by Geoff Olson So you and your partner have decided to move into a tiny house or van! Congratulations! In your search for affordable housing you’ve discovered Vancouver Craigslist is the rental market equivalent of The Hunger Games. Unfortunately, you’re not Katniss and your partner’s not the crossbow-wielding hunk whose name escapes me. You are […]
I come from Vancouver, the poster child of real estate greed, where even a moldy home fronting four lanes of roaring traffic goes for a million dollars. Yesterday, I drove past a building site; what used to be one large lot with one older home was now subdivided into four lots. On each lot a thin, two-story home was being built. For the exterior walls the builders were using that cheapest of all materials called chipboards.
I fast-forwarded to the near future. What if the new owners or their children developed mysterious allergies or other health issues? They probably wouldn’t suspect that they were living inside a shell of chipboard saturated with off-gassing glues. What other cost cutting had the builders engaged in? Have a watch of the Holmes on Homes TV show and you see just how well home-buyers are protected from unscrupulous builders, not to mention the ensuing legal and financial nightmares.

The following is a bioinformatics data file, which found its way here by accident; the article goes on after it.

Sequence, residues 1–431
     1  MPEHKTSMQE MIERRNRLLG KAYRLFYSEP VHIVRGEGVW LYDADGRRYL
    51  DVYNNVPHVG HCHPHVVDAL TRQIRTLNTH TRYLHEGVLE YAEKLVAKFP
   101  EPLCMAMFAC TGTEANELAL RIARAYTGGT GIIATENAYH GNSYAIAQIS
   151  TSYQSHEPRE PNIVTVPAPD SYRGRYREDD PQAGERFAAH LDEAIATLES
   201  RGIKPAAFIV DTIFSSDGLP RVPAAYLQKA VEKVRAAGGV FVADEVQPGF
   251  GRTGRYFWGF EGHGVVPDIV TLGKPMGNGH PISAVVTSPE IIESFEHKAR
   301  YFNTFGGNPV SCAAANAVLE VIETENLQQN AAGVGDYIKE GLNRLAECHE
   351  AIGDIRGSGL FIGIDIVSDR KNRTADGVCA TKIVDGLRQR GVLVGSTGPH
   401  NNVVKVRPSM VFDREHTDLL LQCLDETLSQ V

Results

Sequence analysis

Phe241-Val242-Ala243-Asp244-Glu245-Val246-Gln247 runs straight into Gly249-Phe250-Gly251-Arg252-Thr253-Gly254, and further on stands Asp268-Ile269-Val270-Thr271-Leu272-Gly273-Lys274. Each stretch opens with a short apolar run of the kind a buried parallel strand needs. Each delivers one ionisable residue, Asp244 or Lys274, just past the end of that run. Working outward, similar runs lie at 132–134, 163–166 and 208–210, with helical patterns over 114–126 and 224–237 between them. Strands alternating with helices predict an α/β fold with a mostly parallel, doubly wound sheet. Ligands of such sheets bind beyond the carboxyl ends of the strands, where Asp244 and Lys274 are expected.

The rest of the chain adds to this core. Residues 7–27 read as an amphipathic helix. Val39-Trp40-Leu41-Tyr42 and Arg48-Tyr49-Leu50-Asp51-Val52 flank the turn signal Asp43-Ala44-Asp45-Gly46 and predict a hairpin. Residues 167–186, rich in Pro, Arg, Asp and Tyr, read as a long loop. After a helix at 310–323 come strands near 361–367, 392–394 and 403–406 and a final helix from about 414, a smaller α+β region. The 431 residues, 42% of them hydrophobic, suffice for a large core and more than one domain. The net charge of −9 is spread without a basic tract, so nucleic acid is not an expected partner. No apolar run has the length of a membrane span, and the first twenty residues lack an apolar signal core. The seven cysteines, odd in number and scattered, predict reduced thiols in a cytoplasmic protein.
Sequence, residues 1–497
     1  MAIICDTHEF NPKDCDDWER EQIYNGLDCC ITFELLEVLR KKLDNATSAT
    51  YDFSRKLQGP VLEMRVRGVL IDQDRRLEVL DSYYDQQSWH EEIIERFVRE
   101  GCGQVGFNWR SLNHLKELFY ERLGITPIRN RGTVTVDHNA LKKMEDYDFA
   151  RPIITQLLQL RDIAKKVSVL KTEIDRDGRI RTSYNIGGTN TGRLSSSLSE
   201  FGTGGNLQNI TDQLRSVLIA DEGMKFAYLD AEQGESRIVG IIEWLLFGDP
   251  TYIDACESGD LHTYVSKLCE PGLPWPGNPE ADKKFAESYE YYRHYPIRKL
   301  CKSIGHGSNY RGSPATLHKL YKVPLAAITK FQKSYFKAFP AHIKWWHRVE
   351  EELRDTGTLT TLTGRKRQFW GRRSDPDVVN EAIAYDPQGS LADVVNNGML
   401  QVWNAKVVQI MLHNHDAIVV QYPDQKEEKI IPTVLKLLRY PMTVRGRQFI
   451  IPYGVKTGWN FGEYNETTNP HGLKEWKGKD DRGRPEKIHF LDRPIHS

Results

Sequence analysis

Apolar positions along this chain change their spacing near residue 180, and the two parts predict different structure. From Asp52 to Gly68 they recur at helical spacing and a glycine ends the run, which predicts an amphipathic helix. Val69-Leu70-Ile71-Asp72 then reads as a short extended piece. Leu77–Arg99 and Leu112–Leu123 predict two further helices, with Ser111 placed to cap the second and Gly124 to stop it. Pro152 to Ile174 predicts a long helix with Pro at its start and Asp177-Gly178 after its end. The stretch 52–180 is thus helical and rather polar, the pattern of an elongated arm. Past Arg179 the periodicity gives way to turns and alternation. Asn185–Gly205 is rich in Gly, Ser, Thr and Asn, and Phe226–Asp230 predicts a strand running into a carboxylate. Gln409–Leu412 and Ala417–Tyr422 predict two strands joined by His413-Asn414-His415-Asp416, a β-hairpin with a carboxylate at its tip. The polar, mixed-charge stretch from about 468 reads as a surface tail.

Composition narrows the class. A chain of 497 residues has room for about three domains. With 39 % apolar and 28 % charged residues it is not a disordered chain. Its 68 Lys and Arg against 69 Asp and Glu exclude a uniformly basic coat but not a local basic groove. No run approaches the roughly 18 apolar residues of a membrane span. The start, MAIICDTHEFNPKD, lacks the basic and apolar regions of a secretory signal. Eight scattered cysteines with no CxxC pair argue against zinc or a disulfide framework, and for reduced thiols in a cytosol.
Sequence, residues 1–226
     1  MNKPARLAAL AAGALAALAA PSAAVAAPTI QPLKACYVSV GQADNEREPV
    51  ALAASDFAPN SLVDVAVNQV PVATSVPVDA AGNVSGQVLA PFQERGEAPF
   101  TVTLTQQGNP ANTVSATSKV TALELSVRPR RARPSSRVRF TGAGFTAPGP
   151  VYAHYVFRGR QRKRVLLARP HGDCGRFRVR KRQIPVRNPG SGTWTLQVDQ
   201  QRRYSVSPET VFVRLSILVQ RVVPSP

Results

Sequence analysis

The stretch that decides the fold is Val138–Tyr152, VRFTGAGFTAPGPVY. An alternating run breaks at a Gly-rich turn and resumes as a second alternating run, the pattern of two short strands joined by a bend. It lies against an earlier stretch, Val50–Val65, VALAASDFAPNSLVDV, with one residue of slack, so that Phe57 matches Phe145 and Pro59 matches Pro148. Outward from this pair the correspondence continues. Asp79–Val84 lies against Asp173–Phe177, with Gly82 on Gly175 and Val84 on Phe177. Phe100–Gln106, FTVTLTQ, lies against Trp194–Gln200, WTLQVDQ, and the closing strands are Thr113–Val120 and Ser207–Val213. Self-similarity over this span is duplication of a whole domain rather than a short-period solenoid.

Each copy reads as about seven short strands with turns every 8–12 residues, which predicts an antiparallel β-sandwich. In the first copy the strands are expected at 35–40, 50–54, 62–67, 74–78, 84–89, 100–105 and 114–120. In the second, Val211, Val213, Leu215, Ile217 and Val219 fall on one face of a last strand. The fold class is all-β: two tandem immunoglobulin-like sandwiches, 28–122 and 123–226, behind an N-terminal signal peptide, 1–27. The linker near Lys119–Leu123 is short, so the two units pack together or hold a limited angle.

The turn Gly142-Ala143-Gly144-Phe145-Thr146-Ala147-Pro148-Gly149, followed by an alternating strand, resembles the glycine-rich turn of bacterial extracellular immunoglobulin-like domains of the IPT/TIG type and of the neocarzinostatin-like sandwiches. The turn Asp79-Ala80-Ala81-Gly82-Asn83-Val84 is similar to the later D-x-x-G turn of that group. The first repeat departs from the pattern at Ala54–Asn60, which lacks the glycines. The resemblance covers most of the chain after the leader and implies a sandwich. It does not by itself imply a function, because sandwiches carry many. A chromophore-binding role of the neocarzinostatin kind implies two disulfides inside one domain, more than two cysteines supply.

Buyers of new homes should have visual proof of what they’re buying, right down to the foundation, not just the staged superficiality of a 360 degree online tour or the smell of baked bread when their real estate agent gives them a tour. Why doesn’t some entrepreneur with an interest in real estate and consumer advocacy develop a videocam business which would insert cameras into the entire building process? I bet this service would become the expected norm for all home buyers.